Pete Bouchard

Give No Quarter

Posted by Pete Bouchard

Big slop-fest out there this afternoon/evening. After 6-12 inches of snow in Greater Boston and Worcester - and lesser amounts south of the Pike, it's time to clean up and move on...again.

I think we've passed the point of tolerance with these ceaseless storms. Gone are the days when viewers would flood our inboxes with pretty pictures of their pets and kids frolicing in the snow. Constant cleanup has made us snippy and short - even a few plow guys have hoisted the white flag. The holidays are long past, the winter is stale, and the people just want spring...

...and accountability.  Instead of pictures, I get questions in my inbox. "Why are we getting so much snow? Why did it turn on a dime? And when will it stop?"

Those are fair questions. But with the limits of the long range (10-14 day) forecasts, I'm not ready to answer the last question. We may sail out of this in April, but so far the first week of the month isn't looking much different from the first week in March. The ultimate question is why.

The jetstream has taken on an odd path.

The black lines represent the jetstream (wind moving from west to east). The colored areas represent the departure from the normal position of the jetstream. The bullseye is apparent: right over Nunavut (Northern Canada). High pressure has dominated this area since early February, diverting the cold and the jetstream over the Lower 48.

So there you have it. The culprit, the scapegoat, the reason for over 100" of snow in Worcester, and the reason I can't talk about 70s and 80s like last March. But the bigger question is, why does it last so long.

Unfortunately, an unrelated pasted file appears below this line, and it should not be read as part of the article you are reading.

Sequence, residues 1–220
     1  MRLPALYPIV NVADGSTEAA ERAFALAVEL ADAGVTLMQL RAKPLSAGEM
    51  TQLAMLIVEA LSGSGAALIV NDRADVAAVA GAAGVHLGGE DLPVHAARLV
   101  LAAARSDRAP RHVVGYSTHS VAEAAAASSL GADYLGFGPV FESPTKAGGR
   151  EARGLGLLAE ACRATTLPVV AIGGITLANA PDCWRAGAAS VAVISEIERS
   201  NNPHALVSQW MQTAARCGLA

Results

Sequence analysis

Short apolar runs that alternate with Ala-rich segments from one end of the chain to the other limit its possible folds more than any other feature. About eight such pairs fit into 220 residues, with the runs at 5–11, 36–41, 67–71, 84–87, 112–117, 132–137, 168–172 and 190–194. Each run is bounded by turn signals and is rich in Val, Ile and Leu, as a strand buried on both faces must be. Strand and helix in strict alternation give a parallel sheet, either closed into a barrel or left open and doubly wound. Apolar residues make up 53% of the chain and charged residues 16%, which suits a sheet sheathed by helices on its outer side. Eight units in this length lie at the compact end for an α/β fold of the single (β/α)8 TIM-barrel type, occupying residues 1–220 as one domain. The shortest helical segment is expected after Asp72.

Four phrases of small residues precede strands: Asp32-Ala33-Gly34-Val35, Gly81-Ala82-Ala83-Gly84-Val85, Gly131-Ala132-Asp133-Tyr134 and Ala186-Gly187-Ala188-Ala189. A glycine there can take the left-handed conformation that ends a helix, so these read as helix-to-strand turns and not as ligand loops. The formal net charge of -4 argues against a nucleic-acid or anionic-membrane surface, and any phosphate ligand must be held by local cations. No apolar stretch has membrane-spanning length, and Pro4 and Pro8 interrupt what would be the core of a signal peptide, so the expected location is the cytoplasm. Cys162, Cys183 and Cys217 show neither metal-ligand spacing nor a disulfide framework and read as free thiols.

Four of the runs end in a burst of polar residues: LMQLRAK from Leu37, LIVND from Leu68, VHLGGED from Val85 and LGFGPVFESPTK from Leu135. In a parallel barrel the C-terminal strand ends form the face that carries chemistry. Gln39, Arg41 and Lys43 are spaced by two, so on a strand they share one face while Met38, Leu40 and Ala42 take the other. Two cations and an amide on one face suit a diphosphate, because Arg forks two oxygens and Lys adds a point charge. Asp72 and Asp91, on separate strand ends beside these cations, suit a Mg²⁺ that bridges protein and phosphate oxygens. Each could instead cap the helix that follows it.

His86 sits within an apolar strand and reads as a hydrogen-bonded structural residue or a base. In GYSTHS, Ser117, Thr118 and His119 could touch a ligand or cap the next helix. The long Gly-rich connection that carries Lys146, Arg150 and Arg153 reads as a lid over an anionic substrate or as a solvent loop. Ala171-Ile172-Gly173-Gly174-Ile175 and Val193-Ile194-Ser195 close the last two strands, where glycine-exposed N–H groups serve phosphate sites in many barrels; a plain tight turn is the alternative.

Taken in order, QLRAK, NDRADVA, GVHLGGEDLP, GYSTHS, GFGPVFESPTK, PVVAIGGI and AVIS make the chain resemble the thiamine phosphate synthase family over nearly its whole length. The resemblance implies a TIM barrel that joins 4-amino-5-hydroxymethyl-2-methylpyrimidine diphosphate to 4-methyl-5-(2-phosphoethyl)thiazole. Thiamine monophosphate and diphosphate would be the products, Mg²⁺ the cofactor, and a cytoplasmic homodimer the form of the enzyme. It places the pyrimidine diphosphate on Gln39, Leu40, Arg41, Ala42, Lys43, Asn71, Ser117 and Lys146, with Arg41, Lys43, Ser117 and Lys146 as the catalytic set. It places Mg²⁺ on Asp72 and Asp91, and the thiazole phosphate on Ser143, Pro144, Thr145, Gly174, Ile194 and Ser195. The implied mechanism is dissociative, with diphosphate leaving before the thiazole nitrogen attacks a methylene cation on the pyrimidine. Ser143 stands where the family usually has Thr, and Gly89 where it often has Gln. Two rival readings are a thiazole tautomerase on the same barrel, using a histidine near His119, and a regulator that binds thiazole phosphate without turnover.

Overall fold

Ocean/atmosphere interaction is still a young branch of the science of meteorology. There are many reasons for stalled weather patterns, but I believe the biggest is the lack of sea ice from climate change. An open ocean leaves a lot of heat in the poles. This fosters high pressure (or blocks in the jetstream), and with very little movement to weather patterns at the top and bottom of the globe, we get pinned down in these long periods of heavy precipitation/drought and hot or cold.

An undeniable link in the cog has been established. And we're left to wait it out.


Chris Lambert

50/50 Weekend

Posted by Chris Lambert

We're off to an iffy start to the weekend as nuisance rain and wet snow moves across the area.  While it's not a well organized area of low pressure, it develops right near us midday, and that'll be enough for a tricky forecast.  Light to moderate  rain/snow is on and off early this morning with a heavier burst of precipitation possible late morning, through mid afternoon in eastern MA (11:00AM-3:00PM).

Posted 01/18/14, 6:54am
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Pete Bouchard

Final Days

Posted by Pete Bouchard

That's the way to get it done! Fine finish to the workweek as sun dominated and winds behaved.

I submit that is the one - and perhaps only - reason these days have felt springlike in this extended thaw. If the winds were gusty on a day like today, the sun (albeit a little stronger these days) is really no help.

Posted 01/17/14, 5:06pm
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Jeremy Reiner

Great Mid-Winter Weather

Posted by Jeremy Reiner

Nice mid-winter weather? Here's how I envision it:


*Mild temps (40 or higher)

*Little to no wind

That last bullet point (IMO) is probably the biggest when outside this time of year. After our morning fog lifts out of here all three of those criteria will be met this afternoon's Friday. #Winning.

Posted 01/17/14, 7:04am
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Pete Bouchard

Colder Temperatures Cometh

Posted by Pete Bouchard

As far as blah days go, this was the blahest.

Fog blanketed the area as winds remained light and variable. We're still looking at some fog, but the thickest part of it should only be during the first half of the night. After that, gentle winds should "mix out" some of the heavily fogged in areas.

Posted 01/16/14, 5:24pm
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